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30/Nov/2018

Online Resource Center

Arts and Culture in Urban-Regional Planning: A Review and Research Agenda
How Art Spaces Matter Artspace
Room Rental Reservation Form for an Arts Center Flashpoint, Cultural Development Corporation
Sample Budgeting Rationale for Shared Services at an Arts Center Cultural Development Corporation
Shared Services Selection for an Arts Center Cultural Development Corporation

Centers

18th Street Arts Center Santa Monica, CA
Alliance of Resident Theatres New York Brooklyn, NY
Angels Gate Cultural Center San Pedro, CA
Artscape Toronto, ON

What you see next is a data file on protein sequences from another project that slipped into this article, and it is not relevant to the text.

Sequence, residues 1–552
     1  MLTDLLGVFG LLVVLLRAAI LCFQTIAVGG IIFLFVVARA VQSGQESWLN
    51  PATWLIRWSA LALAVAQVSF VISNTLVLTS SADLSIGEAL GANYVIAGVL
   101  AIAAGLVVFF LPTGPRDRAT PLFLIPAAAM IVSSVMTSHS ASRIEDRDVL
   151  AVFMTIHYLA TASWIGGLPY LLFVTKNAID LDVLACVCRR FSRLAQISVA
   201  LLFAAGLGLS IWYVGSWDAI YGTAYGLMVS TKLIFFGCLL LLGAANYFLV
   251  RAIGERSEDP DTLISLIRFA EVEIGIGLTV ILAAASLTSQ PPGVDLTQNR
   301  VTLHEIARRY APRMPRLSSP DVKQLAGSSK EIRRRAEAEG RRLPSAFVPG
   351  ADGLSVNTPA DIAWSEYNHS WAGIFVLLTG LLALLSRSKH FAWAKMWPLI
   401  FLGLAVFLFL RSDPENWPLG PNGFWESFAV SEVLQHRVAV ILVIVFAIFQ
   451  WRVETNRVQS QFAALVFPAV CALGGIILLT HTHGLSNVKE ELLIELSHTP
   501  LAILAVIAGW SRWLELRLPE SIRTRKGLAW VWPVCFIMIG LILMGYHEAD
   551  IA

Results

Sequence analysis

Arts Habitat Monterey, CA
Artspan San Francisco, CA
Asian Arts Initiative Philadelphia, PA
Chicago Human Rhythm Project Chicago, IL

Converge Denver Denver, CO
The Cotton Factory Hamilton, ON
Creative Manitoba Winnipeg, MB
CultureWorks Greater Philadelphia Philadelphia, PA
Dairy Center for the Arts Boulder, CO
Ninth Street Media Consortium San Francisco, CA
NTC Foundation Arts at Liberty Station, San Diego, CA



25/Oct/2018

From the NCN Blog

Brandi Stanley

November 9, 2015

 

“Shared space” is still a relatively new way to work. Because of it’s “newness,” we just don’t have a lot of formal research or guides to show us how to do it well. At the Nonprofit Centers Network 2015 Building Opportunities Conference in June, I spoke on two panels: The first on Community Animation, where I was joined by several other “animators” from spaces across the U.S. and Canada; and the second, on branding for shared spaces. In those two talks, it became incredibly apparent to me how intertwined community animation and branding really are.